Jorge Moll, Ricardo de Oliveira-Souza, Paul J. Eslinger, Ivanei E. Bramati, Janaina Mourao-Miranda, Pedro Angelo Andreiuolo, Luiz Pessoa The Neural Correlates of Moral Sensitivity: A Functional Magnetic Resonance Imaging Investigation of Basic Moral Emotions, Journal of Neuroscience, 2002, 22 (7), pp. 2730-2736.
Thesis 1: Moral emotions play a key role in assigning moral values, being an implicit social behaviour in humans.
Thesis 2: Orbital and medial sectors of the prefrontal cortex and the superior temporal sulculus (STS) are critical regions for moral appraisal.
(b) Experimental setting:
Experiment: Subjects were presented with six categories of pictures: (1) moral pictures portraying emotionally charged, unpleasant social scenes, representing moral violations; (2) unpleasant pictures of aversive scenes not conveying moral connotations; (3) pleasant pictures, including scenes of people and landscapes; (4) ‘interesting’ pictures, which were visually arousing but less emotional; (5) neutral pictures, including people and landscapes; (6) scrambled images. The goal of the experiment was to investigate spontaneus brain responses triggered by the perception of this visual stimuli. The results showed an increased activation of the right medial orbital prefrontal cortex (OFC) and the medial frontal gyrus (MedFG) and the cortex surrounding the right STS while viewing moral in comparison with nonmoral scenes.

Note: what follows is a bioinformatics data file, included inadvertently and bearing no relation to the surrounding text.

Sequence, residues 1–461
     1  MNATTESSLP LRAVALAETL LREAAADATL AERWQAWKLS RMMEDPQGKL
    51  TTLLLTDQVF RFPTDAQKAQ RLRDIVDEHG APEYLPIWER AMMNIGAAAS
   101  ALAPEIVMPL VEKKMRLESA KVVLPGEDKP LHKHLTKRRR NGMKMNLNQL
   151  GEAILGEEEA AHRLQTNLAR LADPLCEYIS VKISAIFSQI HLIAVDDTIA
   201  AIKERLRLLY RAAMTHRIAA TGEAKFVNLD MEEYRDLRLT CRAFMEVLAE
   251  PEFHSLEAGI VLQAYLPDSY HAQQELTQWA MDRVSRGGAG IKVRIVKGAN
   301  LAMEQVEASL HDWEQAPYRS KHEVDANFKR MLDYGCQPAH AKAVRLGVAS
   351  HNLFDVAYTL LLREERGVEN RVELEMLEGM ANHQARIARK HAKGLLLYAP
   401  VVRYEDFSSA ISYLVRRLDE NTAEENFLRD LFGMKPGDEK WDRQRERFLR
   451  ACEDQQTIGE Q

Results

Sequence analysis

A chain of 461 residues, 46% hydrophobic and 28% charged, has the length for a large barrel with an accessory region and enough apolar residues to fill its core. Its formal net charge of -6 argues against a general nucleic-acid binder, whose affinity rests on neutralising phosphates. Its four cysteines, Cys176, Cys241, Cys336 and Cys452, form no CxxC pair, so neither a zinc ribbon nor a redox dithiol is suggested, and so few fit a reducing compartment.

2. Critical comments:
1) The experiment revealed that viewing moral and nonmoral unpleasant visual stimuli activated very similar brain regions. Effects of the moral stimuli cannot be explained on the basis of emotional valence or visual arousal alone. Moral emotions differ from basic emotions in that they are interpersonal. However, if it is so, moral emotions are similar to basic ones, only in the aspect of being a quick and automatic response to a certain situation. Apart from this emotional aspect of moral emotions, they seem to require mechanism specific to moral domain, that enables to recognize certain situation as moral.
2) Because the experiment consisted only in presenting visual stimuli to participants, it exhausts only one mode of presentation of moral situations. However, subjects may encounter ‘moral content’ in other ‘forms’. For example, it was shown that explicit moral reasoning activates additional prefrontal regions to OFC, MedFG and STS.